Armenia and Turkey’s Genocide Row: Battleground Hollywood

Turkey/Armenia (EAN) – The long-lasting battle between Turkey and Armenia over the acceptance or denial of the Armenian genocide has gone to Hollywood, which has wheeled out two historic epics to offer competing perspectives on the World-War-I-era massacre.

The Promise and The Ottoman Lieutenant are both panoramic love stories set in the chaotic twilight of the Ottoman Empire, but worlds apart.  The first, which opened in the US on April 22, shows Turks deliberately exterminating ethnic Armenians; the second, released about a month earlier, downplays the killings as collateral war damage.

Even before The Promise opened, two days ahead of annual genocide commemorations in Armenia and by ethnic Armenian communities worldwide, thousands of Turkey-based commentators took to the Internet Movie Database (IMDB) to berate the PG-13 film.  Armenian Diaspora groups in North America described the criticism as a politically motivated campaign of sabotage.

The lavishly mounted, $100-million picture, the last big project of the late Armenian-American real-estate mogul Kirk Kerkorian, is meant to help advance the international campaign to secure recognition of the massacre as genocide — something that a string of US administrations have declined to do, lest they antagonize Turkey, a key American ally.

The Ottoman Lieutenant is seen as a Turkish-sponsored effort to undercut the campaign’s objective.  The R-rated, Turkish-American co-production lacquers over the atrocities against ethnic Armenians “in favor of a generalized ‘Whattaya gonna do . . . war is bad’ aura,” as Variety put it in a review. “It’s a sort of mirror image of our film, but with a totally denialist perspective,” The Promise director Terry George, of Hotel Rwanda fame, told The New York Times. 

The two movies share a three-way love theme, a tendency for soapiness and, at best, a tepid critical reception.

The Promise tells the story of the affection of Mikael, an ethnic Armenian apothecary (Oscar Isaac) in Ottoman Turkey, for the French-educated Ana (Charlotte Le Bon), an Armenian dance instructor who happens to be betrothed to American reporter Chris (Christian Bale). The 132-minute movie employs the full arsenal of historic drama clichés to get the drama across. And has gained a promo from film star George Clooney for good measure.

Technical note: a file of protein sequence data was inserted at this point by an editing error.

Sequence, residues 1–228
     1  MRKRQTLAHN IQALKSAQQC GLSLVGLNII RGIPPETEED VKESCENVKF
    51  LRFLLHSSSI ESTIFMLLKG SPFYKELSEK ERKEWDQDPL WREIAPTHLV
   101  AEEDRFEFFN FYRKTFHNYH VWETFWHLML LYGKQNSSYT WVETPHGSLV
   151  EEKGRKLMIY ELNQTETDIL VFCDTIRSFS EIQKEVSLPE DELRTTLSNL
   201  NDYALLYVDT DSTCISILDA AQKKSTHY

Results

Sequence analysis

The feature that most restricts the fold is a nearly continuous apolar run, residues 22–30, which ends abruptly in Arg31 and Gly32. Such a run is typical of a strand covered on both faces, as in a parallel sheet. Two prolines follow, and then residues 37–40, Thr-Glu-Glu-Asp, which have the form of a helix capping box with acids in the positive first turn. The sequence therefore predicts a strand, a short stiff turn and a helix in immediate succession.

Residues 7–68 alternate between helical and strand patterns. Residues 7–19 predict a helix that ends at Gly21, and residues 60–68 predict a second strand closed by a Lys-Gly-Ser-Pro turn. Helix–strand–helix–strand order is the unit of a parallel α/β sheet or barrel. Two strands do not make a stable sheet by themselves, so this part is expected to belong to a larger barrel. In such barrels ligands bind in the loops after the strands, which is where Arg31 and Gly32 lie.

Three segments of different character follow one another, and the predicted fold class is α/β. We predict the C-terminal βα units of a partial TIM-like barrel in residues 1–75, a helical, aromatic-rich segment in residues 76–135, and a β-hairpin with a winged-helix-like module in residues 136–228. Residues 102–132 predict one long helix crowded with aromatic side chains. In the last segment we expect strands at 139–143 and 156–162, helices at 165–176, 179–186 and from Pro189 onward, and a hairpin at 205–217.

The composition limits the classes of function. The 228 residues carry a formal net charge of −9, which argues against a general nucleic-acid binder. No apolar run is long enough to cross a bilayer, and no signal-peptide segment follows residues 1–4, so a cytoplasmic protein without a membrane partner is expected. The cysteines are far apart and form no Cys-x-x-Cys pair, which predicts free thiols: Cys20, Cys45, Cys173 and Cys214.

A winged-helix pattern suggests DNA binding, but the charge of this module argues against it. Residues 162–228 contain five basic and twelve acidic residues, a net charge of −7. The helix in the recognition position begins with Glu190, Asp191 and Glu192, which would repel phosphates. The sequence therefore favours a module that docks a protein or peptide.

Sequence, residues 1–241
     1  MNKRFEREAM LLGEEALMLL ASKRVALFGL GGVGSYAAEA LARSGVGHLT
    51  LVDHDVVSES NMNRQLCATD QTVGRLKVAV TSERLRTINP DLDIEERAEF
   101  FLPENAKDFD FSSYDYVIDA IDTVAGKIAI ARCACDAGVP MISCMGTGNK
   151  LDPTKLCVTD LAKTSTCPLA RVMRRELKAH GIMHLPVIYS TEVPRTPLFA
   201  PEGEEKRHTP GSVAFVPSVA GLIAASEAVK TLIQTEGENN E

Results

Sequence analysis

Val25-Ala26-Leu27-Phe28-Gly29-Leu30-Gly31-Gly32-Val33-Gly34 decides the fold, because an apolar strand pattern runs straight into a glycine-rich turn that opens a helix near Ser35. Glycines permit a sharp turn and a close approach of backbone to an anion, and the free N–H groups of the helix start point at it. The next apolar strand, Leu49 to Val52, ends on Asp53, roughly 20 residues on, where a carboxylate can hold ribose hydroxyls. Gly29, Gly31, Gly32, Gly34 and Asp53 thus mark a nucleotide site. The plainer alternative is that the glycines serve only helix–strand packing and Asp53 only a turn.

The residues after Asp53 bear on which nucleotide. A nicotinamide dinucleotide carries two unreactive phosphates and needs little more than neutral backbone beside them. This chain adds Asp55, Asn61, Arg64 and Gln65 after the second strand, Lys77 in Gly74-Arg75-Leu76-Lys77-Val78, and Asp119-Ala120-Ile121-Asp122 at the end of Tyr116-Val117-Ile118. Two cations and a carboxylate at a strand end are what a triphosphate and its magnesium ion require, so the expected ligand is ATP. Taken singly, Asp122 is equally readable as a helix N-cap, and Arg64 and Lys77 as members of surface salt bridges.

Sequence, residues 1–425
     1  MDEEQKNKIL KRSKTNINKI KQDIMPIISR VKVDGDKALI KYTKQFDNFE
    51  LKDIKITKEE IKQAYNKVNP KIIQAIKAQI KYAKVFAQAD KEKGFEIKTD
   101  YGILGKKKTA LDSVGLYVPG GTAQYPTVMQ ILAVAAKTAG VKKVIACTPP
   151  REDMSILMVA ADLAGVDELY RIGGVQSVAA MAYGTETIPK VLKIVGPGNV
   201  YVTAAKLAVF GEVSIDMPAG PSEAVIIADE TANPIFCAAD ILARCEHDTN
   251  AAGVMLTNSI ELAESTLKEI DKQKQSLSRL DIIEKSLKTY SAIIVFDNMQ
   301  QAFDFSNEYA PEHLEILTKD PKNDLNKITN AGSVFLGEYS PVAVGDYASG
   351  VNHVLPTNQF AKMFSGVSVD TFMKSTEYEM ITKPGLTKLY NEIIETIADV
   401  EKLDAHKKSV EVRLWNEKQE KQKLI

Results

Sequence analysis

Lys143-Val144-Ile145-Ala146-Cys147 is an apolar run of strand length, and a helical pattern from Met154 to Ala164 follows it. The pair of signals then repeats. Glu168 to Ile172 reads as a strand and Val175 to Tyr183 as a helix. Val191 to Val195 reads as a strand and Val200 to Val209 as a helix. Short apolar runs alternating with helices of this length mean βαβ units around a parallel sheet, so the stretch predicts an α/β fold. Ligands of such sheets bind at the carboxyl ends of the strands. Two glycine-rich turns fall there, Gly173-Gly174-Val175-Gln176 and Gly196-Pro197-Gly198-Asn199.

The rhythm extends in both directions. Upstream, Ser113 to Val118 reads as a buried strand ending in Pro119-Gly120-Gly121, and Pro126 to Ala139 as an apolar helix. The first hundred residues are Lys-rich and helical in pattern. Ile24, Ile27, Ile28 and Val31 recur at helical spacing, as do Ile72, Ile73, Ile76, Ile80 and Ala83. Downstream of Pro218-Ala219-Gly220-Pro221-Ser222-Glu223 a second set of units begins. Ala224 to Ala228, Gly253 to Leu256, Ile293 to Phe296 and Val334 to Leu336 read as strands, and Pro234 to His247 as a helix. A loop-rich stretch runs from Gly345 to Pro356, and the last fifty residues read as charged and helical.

Yet remove the backdrop of the Armenian massacre, and what’s left is a love triangle formulaic in the way it is written, filmed and acted.

Screenshots of The Ottoman Lieutenant and The Promise

“There’s something rather dusty about The Promise as [Terry] George pushes his characters through a string of soapy machinations that feel incredibly familiar,” wrote The Guardian, giving the movie a rating of three out of five stars.  The consensus on Rotten Tomatoes, a film-review aggregator website, is that “The Promise wastes an outstanding cast and a powerful life-story on a love triangle that frustratingly fails to engage.”

But critics mostly see The Promise as well-intentioned, while The Ottoman Lieutenant has been described as its B-rated, evil twin, found guilty of not just rote melodrama, but also revisionism. The movie opens with bromides — “I thought I was going to change the world, but, of course, it was the world that changed me.” —  and does not get much better. The protagonist, an American nurse (Hera Hilmar), arrives in war-torn Turkey to make a difference and choose between an Ottoman army lieutenant, Ismail (Michiel Huisman), and American doctor Jude (Josh Hartnett).

The story “never achieves its aimed-for grandeur and intensity, and the striking Turkish locations prove far more interesting than the characters,” The Hollywood Reporter wrote.

In scenes of love and war, both movies employ the beaten technique of the camera zooming in and music swelling to cue the desired emotion and, as it appears, the desired version of history.

Anyone looking to learn more about this dark, haunting episode in Turkish-Armenian history should perhaps choose instead to listen to the voices of the real survivors. Those need no audio-visual embellishment to make a point.

This report prepared by Giorgi Lomsadze for